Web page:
The New Economy
As Californians debate the "rich tax" contained in Gov. Jerry Brown’s Prop 30, a new report challenges one argument for lowering tax rates on the wealthy: that millionaires simply move to avoid higher taxes, leaving the middle class with a higher burden.
The study, by sociologists at Stanford and Princeton, looked at two tax changes in California, a 1996 tax cut on high-income filers and a 2005 levy called the Mental Health Services Tax that took one percent of income over $1 million. Using tax-return data, the researchers examined how the changes affected “millionaire migration” in or out of the state before and after the tax laws were passed.
The research showed that millionaires not only were unmoved, so to speak, by their taxes being raised, “the highest-income Californians were less likely to leave the state after the millionaire tax was passed,” wrote Charles Varner and Cristobal Young in their report.
In fact, the richer the Californian, the more likely he or she was to stay, the study found. Nor did the data suggest that lowering taxes lured millionaires to the state. (Read more: Millionaire 'Munger Sandwich' Squeezes Gov. Brown)
The pair previously studied millionaire migration in New Jersey, with largely the same results. But California's dynamic, tech-based economy may be, if anything, a better testing ground for the notion that job creators are forced out by taxation. “The presumption that exceptionally skilled, monied, and entrepreneurial individuals are also exceptionally mobile is debatable,” Varner and Young concluded.
Aware, no doubt, of the politics swirling around their topic, Varner and Young appear to have considered every likely objection to their findings. They looked at the periods before each tax change in order to scoop up any high earners who moved in anticipation of being taxed. They scrutinized part-year returns to capture those who might take a second home to remove their out-of-state earnings from California's purview.
What they found is that California’s millionaires, no matter the circumstances, move very little. “At the most, migration accounts for 1.2 percent of the annual changes in the millionaire population,” the report said.
Most of the fluctuation in numbers of millionaires, as my colleague Robert Frank pointed out in his book The High-Beta Rich, relates to the rise and fall of personal fortunes. “The remaining 98.8 percent of changes in the millionaire population is due to income dynamics at the top,” Varner and Young wrote, “California residents growing into the millionaire bracket, or falling out of it again.” (Read more: Maryland Study Says Taxes Chase Out Rich)
This constant turnover in the top income brackets, the researchers say, may explain why millionaires aren’t more sensitive to tax changes. A top earner who breaks into the millionaire’s club only a few times in his career would be less likely to consider the tax when deciding to stay or go.
Indeed, the typical Californian millionaire only repeated his or her feat 54 percent of the time in the years from 1996 to 2003, the researchers found. Instead of paying one percent of their million-plus income to the government, this typical taxpayer would pay an effective tax rate of one-tenth of one percent over the 13 years. “This is a key question for someone considering whether to migrate for tax purposes,” the study said.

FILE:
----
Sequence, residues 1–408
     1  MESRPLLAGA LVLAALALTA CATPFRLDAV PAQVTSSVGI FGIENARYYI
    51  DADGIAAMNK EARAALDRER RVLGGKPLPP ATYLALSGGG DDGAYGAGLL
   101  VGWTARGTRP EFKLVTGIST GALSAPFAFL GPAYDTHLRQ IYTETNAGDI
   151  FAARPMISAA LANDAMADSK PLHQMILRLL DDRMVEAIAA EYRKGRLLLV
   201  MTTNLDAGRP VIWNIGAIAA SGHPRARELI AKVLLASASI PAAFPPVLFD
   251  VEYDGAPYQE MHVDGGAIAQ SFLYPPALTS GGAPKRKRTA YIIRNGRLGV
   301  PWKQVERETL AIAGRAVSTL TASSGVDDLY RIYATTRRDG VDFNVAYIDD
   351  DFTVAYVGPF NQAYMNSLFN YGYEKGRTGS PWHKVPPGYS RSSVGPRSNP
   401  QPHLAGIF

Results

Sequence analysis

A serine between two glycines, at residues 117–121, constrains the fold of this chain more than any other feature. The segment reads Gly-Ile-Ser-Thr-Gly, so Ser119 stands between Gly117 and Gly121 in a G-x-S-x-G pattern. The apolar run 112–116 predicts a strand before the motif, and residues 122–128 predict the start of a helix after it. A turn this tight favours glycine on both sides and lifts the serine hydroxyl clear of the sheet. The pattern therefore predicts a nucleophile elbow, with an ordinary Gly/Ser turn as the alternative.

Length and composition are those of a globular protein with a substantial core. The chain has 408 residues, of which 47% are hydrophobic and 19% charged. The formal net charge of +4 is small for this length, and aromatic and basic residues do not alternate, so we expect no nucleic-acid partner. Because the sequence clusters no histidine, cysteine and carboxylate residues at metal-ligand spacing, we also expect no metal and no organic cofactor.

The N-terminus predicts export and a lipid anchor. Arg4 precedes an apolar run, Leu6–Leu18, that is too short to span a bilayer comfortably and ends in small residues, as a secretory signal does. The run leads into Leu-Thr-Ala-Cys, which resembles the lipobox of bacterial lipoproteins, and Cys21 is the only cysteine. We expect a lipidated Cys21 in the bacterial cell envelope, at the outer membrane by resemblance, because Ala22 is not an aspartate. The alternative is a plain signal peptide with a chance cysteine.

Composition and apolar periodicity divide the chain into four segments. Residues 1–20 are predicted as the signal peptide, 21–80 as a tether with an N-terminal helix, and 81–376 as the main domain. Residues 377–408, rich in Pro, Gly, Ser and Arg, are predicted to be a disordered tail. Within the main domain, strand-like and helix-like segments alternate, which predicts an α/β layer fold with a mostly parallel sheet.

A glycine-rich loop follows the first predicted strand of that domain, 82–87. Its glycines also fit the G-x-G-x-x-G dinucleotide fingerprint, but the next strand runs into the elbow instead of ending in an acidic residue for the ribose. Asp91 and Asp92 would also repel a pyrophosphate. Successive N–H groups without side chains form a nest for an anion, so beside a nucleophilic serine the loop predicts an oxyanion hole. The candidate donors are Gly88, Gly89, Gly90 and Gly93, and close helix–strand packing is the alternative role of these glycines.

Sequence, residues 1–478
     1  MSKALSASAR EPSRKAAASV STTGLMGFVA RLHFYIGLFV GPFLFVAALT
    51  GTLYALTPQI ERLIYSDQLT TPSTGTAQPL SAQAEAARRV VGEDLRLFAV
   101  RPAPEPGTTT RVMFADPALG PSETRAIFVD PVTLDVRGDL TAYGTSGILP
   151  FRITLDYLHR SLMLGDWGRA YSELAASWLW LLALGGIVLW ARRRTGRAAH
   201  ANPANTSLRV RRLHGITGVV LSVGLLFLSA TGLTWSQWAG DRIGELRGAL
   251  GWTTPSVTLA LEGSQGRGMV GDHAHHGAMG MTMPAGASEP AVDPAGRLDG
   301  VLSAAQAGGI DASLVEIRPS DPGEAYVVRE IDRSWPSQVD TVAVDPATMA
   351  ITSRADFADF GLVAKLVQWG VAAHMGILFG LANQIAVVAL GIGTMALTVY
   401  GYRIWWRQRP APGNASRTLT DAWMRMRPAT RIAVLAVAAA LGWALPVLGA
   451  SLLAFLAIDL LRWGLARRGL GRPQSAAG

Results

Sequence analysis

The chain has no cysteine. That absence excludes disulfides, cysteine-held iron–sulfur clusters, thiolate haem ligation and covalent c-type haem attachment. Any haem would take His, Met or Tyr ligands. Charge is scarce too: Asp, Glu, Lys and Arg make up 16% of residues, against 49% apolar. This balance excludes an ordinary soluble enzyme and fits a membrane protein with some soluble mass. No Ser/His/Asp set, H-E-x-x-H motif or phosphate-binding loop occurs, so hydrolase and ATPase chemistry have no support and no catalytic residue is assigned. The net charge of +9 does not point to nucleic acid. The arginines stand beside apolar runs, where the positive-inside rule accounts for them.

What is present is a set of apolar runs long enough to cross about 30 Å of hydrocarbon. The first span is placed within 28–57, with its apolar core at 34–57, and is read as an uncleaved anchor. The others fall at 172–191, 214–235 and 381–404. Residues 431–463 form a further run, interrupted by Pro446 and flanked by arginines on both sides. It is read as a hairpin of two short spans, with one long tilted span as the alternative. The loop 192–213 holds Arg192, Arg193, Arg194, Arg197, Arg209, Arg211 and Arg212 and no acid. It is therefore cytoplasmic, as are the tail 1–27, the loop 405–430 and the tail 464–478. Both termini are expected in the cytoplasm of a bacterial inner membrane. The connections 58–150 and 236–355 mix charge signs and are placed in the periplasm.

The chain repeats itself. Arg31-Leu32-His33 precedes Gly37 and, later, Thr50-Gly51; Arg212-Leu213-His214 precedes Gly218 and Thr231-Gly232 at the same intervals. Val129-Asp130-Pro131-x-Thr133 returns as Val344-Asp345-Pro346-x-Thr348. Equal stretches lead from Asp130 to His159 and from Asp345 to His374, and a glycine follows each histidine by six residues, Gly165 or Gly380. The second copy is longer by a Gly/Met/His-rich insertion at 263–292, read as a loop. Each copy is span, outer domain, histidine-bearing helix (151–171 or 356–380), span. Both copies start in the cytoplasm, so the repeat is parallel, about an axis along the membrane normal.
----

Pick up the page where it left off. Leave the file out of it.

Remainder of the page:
The up-and-down fortunes of rich Californians is another reason they don’t leave. “Most people who earn $1 million or more are having an unusually good year,” Varner and Young wrote. “It is difficult to migrate away from an unusually good year of income.”
So what does control millionaires' residential status? Loss of that golden opportunity for one: the greatest exodus of wealthy Californians in the years studied came after the collapse of the tech bubble. (The trend wasn’t reversed until just after the Mental Health Services Tax was passed in ’05.)
The other clear impetus for millionaires to get out of California was divorce. Knowing that the end of a marriage both occasions a move and shows up in tax data, the researchers used marital splits a “reverse placebo” to test tax data’s ability to detect migration. In the first year after a divorce, 1.2 percent of divorcees start a new life elsewhere, according to the study.
“Divorce is something that has a very clear effect on migration, modest changes in the tax rate for high-income earners do not," the researchers concluded.
In order to help stay-at-home moms and dads get credit cards, do we really have to jeopardize the health of our banking system? The Consumer Financial Protection Bureau (CFPB) sure seems to think so. It recently proposed a rule change that will make it easier for roughly 16 million consumers to access credit, yet promises to undermine the effectiveness of underwriters and thereby ultimately serve as a drain on the economy.
More specifically, the CFPB is suggesting an about-face when it comes to reporting income on credit card applications. The new CARD Act requires consumers to list their independent income, rather than household income. The rule was enacted to ensure that only those who can afford credit cards will get approved, but it has also made it harder for stay-at-home spouses to build credit independently, forcing them to become more reliant on their significant others. Calling this an “unintended consequence,” the CFPB essentially wants to eliminate the rule.
Here are four reasons why we should reject that solution: